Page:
After another twenty-four hours with high fever, uncontrollable chills and being quite certain that there was absolutely nothing left in his digestive tract, he was once again on the verge of passing out. Chase had remained in Colorado with his grandparents and I had driven out to Dulles to pick him up with our other three children. Chad called a friend to take him back to the ER. Just after we returned from the airport, our friends pulled up to take Chad to the hospital. At that moment I witnessed the church ‘being the church’. A man with his hand wrapped up ran to my front door, put his arm (without the wrapped hand), around my husband who could barely stand, and helped him get to the backseat of their car. The wife ran over to me, gave me a hug, and explained that they were walking out the door to go to the hospital when Chad called. Our friend had been doing construction at our church and put a drill all the way through his thumb. Our local church is being challenged.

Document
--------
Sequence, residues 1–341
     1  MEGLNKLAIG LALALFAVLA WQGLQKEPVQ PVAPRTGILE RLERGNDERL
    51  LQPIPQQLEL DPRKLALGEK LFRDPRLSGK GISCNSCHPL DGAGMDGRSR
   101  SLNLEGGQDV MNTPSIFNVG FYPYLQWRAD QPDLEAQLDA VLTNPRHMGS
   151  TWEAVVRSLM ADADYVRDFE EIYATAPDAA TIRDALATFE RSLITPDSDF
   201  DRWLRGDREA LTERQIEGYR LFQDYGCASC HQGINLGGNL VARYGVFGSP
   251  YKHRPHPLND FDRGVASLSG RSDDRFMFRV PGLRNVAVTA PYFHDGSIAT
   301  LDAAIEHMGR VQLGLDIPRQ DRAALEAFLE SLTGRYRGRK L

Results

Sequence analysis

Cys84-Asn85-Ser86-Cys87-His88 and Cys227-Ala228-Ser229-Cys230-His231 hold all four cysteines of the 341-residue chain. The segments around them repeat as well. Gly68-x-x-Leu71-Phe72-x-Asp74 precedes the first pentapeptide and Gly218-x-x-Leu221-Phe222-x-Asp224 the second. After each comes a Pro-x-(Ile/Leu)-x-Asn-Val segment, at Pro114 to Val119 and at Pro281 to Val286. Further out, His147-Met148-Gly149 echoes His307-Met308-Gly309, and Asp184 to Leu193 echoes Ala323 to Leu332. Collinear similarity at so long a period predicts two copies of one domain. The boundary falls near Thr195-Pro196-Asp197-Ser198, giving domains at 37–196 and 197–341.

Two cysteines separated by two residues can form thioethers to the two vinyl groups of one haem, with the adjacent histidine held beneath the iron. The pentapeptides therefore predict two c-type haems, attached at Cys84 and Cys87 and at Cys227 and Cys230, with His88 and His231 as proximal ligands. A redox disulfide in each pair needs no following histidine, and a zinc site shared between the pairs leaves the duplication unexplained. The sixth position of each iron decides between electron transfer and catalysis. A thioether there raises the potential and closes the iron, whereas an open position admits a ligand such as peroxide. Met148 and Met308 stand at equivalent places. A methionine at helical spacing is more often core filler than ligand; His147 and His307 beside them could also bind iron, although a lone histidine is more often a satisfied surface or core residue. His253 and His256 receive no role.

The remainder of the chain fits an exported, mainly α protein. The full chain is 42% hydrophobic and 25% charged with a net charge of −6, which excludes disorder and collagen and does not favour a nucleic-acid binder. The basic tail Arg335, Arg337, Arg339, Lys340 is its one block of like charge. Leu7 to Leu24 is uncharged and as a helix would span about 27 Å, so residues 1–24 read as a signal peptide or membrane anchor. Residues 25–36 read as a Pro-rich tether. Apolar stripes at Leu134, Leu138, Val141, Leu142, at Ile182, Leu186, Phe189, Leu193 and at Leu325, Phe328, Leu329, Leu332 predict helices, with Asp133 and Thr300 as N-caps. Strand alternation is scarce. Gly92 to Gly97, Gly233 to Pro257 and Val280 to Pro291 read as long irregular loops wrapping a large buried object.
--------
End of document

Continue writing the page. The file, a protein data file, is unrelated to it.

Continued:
I got the kids to bed, had a friend come over and sleep on the couch, and went to sit by husband’s side. They did another ct scan (this time on his abdomen). Around 3am, a group of doctors came in the room. One was wearing a big badge that said “class of 2012”. They announced that he was being admitted, but they were waiting on a surgical consult to see if he needed to be moved to a hospital with an ICU or be put on the surgical floor “just in case they had to explore the small bowel obstruction seen on the ct scan”. I had flashbacks to sitting in a doctor’s office with my grandfather before I was old enough to drive and hearing the words “small bowel obstruction” immediately followed by the words “colon cancer”. Sweat. Tears. Panic.
The sweat, tears and panic hit in the wee hours of Thursday morning. At that point I calculated that I had slept for less than twenty hours total in the six days and nights since I received the call from the doctor in Leadville. It is quite the understatement to say that my rest has been challenged.